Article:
Iraqi opposition leader Ahmad Chalabi has arrived in Baghdad and says he is ready to help rebuild his country, but not to participate in any U.S. led interim authority. Mr. Chalabi heads the Iraqi National Congress (INC).
INC leader Ahmad Chalabi says he would not take part in the interim administration being set up by an American team lead by retired U.S. army general Jay Garner.
"I am not a candidate for any position in the interim government," he said. "My role will be focused on building civil society. I want to help build civil society which I believe is the basis a democratic society."
The exiled politician sketched out a rough timetable for Iraq's transition to democracy, which he says should take about two years.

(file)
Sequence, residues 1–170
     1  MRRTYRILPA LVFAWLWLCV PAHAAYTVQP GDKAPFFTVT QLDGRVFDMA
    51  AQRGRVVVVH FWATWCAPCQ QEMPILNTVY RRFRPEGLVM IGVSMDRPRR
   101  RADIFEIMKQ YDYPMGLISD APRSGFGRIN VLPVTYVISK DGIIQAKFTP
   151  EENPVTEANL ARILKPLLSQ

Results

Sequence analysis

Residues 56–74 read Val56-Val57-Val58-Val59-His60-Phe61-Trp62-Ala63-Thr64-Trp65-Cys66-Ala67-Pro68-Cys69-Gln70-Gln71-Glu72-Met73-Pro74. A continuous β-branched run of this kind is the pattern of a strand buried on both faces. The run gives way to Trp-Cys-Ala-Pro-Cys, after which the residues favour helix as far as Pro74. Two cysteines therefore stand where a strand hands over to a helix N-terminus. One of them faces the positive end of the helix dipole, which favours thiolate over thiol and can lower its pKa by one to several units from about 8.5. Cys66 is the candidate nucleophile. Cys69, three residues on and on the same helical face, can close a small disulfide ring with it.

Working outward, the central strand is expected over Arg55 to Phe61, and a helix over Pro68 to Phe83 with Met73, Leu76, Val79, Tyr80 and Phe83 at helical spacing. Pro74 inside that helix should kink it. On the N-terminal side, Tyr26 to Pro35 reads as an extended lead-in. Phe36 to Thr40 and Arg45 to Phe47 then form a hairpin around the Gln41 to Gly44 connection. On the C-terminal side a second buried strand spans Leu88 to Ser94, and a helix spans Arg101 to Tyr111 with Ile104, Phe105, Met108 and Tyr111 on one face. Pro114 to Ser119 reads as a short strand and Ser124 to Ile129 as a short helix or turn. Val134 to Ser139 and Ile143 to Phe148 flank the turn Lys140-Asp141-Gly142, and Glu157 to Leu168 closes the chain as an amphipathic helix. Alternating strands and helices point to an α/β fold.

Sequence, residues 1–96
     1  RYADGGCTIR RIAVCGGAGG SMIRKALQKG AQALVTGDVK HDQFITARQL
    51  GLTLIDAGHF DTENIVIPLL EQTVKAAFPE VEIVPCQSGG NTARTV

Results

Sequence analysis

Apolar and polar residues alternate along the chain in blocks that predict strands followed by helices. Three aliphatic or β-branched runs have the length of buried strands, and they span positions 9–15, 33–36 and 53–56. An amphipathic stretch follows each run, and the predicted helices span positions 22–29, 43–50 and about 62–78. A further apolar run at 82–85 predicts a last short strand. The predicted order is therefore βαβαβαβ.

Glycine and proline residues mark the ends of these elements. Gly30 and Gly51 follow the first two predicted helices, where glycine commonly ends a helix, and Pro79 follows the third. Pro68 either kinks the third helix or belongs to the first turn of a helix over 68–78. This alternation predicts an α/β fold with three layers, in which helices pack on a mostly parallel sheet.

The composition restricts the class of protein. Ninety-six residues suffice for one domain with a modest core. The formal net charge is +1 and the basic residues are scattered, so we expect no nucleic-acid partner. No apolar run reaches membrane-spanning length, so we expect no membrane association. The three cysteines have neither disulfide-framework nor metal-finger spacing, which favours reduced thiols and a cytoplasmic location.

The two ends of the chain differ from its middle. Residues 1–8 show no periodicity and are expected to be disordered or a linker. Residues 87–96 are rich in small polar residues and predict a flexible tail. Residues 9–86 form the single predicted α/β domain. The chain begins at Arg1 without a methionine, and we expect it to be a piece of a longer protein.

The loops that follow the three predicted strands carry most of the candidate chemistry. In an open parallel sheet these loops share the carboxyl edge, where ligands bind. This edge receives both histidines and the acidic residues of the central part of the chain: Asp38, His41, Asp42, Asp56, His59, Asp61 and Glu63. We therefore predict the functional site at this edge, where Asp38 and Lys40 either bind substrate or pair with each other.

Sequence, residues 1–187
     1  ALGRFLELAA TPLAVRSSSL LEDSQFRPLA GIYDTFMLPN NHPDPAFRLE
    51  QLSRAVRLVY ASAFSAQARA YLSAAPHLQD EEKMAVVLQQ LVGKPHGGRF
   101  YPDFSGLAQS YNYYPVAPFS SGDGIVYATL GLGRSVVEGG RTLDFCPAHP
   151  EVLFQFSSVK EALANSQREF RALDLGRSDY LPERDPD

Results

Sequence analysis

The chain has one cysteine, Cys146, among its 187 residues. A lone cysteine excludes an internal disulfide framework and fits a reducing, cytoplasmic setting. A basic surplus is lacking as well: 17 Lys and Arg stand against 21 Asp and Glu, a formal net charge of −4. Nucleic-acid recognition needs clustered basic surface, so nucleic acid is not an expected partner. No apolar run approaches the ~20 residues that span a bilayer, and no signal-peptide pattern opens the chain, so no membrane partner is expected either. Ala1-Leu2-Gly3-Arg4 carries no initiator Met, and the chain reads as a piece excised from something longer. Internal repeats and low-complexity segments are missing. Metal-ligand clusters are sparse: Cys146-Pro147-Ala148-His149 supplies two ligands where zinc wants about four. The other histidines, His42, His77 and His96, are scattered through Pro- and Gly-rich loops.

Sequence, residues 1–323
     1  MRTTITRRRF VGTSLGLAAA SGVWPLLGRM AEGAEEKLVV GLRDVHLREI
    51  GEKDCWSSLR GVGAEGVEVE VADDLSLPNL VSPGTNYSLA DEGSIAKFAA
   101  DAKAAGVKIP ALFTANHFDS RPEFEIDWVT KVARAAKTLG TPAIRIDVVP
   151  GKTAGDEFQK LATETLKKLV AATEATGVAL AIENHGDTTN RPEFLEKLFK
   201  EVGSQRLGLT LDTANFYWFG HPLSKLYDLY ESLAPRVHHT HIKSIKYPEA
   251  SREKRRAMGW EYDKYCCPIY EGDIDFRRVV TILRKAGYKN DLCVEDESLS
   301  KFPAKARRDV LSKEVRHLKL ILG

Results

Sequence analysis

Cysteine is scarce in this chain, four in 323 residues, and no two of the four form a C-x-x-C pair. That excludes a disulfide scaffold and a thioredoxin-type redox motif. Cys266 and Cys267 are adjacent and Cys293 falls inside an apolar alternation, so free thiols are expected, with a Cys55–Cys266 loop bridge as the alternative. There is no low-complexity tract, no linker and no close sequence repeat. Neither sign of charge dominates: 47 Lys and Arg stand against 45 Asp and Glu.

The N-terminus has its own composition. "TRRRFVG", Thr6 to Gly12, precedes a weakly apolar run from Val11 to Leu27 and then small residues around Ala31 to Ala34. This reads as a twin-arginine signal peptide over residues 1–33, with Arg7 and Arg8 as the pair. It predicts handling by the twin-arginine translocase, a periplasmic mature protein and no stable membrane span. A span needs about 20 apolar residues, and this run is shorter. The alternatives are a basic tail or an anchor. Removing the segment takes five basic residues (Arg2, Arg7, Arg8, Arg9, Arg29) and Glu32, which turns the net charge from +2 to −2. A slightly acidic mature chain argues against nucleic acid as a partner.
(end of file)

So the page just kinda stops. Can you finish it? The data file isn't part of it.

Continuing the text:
Guarded by a U.S.-trained militia, called the Free Iraqi Forces, Mr. Chalabi told a news conference the priority now is to restore basic services and law and order.
Distancing himself more and more from the U.S. government, which has provided financial and logistical support, Mr. Chalabi says Iraq's future should be left to Iraqis.
"They were unable to overthrow the totalitarian regime on their own but it is also true that they have shed any credibility of this regime due to their resistance to this regime," he said. "Such people as the Iraqi people will not be puppets of anyone. Such a people will not tolerate puppets ruling them. They know the truth and they will vote for whom they trust."
Mr. Chalabi's ambition to play a key role in shaping Iraq's future has been tempered by his lack of name recognition. Many Iraqis say they have not heard of the exiled politician, who has lived outside the country for the past 45 years.